Precast Cracking and Temperature

How to reduce cracking? What is the correlation with temperature? Is it possible to cure faster if the temperature is increased to over 70 C (158 F)? What other alternatives are available for Precasters?

The temperature handling for concrete is a science but it does not need to be over complicated. Some would argue more so for precast concrete because of the range of environmental conditions that a casting can experience between the plant, yard, site and final installation.

Proper temperature handling during the early stages of the product life cycle is key to ensuring durable, high quality precast and it is therefore a major consideration when planning a new production process, plant, or specialized product. It can be a subject of immense concern for precasters who are charged with conforming to strict specifications, particularly (but not limited to) public works contracts for example.

The Basics – Simplified

During curing, a chemical reaction, known as hydration, occurs between the water and cementitious material in the concrete mix. The reaction produces CSH (Calcium Silcate Hydrate) gel in the paste fraction of the concrete, which binds the aggregates together, similar to glue. The reaction is also exothermic and releases a significant amount of heat, known as “heat of hydration”. Moreover, for complete hydration to occur, the concrete must be kept sufficiently moist and the heat of hydration maintained for an extended period of time to actively promote proper curing to meet or exceed the desired result for strength and durability.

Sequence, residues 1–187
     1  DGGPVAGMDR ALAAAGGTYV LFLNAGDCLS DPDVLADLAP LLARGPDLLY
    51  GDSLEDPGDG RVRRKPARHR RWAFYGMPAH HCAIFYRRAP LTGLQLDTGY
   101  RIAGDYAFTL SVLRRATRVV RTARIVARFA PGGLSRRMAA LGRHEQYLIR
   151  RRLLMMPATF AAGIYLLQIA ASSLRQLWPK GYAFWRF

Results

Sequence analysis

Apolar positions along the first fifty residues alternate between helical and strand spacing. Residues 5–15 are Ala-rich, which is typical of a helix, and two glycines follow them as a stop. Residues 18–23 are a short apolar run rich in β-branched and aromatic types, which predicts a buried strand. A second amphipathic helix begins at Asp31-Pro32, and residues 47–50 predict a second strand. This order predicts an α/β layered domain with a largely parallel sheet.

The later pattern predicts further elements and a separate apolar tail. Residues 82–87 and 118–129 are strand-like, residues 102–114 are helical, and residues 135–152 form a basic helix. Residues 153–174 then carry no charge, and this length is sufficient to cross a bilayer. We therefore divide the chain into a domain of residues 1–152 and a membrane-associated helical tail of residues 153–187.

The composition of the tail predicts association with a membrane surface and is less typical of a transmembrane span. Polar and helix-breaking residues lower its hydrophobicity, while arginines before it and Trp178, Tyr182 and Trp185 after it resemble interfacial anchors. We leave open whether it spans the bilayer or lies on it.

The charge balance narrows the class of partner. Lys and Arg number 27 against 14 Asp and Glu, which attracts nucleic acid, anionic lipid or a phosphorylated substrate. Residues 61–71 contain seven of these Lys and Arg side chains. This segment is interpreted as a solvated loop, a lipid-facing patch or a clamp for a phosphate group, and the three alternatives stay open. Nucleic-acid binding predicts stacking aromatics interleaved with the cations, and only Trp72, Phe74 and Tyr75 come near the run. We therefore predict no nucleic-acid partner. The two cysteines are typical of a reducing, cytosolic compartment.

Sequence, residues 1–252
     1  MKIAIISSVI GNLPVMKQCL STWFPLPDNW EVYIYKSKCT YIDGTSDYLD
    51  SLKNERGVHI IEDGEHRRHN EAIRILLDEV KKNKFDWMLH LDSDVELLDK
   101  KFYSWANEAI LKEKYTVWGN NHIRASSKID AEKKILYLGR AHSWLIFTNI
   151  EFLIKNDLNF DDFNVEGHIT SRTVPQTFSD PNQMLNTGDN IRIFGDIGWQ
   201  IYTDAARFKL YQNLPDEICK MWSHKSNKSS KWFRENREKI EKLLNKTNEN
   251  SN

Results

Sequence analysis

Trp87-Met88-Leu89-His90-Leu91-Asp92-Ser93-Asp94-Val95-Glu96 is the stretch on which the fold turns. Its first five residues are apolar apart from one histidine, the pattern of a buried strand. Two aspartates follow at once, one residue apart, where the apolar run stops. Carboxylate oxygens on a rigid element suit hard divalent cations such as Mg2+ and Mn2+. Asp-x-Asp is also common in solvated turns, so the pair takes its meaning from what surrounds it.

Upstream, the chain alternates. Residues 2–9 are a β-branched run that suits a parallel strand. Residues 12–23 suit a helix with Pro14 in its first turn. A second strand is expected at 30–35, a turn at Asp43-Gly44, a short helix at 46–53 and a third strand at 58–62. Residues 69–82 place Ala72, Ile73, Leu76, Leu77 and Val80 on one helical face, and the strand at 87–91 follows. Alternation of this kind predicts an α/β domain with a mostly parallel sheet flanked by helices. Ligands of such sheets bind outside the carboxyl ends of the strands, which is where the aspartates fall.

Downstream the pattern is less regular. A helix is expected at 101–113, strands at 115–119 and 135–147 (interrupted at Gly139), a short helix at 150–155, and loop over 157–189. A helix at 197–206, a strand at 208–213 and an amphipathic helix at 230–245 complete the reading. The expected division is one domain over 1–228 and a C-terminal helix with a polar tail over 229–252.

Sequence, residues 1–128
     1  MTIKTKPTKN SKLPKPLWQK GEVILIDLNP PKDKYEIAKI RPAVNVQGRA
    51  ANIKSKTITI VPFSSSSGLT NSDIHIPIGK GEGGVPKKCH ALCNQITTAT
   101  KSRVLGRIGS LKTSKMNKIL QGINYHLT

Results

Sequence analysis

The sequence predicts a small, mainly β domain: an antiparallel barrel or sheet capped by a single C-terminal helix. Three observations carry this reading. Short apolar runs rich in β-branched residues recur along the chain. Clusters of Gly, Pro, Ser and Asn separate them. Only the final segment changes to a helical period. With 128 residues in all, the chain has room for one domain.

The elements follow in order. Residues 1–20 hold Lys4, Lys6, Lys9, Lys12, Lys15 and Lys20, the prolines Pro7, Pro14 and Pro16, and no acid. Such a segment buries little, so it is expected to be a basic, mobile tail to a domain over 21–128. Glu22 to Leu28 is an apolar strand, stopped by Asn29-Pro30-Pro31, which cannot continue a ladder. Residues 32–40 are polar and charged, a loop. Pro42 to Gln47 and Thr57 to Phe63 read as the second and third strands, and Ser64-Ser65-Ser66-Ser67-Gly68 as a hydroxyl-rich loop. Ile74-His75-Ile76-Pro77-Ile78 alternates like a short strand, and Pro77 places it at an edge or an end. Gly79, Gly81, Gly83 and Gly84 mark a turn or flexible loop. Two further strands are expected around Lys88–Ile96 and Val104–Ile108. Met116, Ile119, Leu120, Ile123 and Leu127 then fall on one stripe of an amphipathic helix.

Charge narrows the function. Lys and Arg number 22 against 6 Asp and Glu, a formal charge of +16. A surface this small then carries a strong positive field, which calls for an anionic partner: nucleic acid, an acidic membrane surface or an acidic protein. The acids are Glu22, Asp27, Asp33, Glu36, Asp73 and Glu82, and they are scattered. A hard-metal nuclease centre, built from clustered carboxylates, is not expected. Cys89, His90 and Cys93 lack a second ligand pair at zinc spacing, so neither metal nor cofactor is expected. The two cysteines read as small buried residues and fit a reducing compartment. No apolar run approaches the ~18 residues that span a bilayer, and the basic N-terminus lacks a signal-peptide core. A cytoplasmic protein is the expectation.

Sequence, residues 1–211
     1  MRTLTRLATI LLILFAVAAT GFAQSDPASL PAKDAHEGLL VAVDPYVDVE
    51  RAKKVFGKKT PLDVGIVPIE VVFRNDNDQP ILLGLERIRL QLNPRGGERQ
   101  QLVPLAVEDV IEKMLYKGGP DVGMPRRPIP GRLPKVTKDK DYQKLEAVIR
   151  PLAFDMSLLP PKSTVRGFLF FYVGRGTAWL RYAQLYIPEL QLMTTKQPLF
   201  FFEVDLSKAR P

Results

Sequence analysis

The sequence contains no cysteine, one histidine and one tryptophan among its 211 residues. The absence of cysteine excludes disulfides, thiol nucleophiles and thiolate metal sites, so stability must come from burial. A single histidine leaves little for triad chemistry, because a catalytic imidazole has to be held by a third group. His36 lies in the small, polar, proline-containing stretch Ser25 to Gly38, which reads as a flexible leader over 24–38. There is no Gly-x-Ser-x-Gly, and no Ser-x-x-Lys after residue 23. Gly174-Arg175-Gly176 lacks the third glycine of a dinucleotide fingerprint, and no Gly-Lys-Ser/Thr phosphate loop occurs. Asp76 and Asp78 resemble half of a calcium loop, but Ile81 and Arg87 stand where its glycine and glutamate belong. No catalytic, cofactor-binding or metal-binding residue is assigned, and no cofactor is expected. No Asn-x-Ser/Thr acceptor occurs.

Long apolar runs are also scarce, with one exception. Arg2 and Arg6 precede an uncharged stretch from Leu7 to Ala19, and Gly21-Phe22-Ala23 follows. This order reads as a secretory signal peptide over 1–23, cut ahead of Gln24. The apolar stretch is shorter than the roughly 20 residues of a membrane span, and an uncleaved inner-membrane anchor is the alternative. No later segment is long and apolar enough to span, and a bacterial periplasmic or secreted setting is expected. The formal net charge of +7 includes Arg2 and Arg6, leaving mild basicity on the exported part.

Alternatives for Precasters

Three major curing methods are used to cure concrete:

  1. Moist curing, where excess water is applied to the surface of the casting after setting via ponding, sprinkling and wet coverings such as wet burlap or even sand.
  2. Enclosed curing, where the loss of moisture is prevented after setting by covering the casting with polythene sheeting, leaving the formwork in place, or by applying curing compounds to the surface that trap the moisture within the casting.
  3. Accelerated active curing through the use of steam, hot air, radiant heat or direct heating of the forms. The use of curing accelerators is also common practice.

Accelerated curing is the most common method used in precast production, and it is carried out under precise, controlled conditions in the plant or yard. The objective of an effective and efficient accelerated active curing procedure enables the producer to increase production capacity and efficiency, and reduce the amount of cement in the mix.It usually takes place in a special curing chamber, tarped enclosure or in the forms. In order to be effective, an appropriate curing cycle must be followed. Many systems are available commercially to control and monitor curing operations.
Typically, an accelerated curing cycle consists of 4 phases: Preset, Ramping, Holding and Cooling.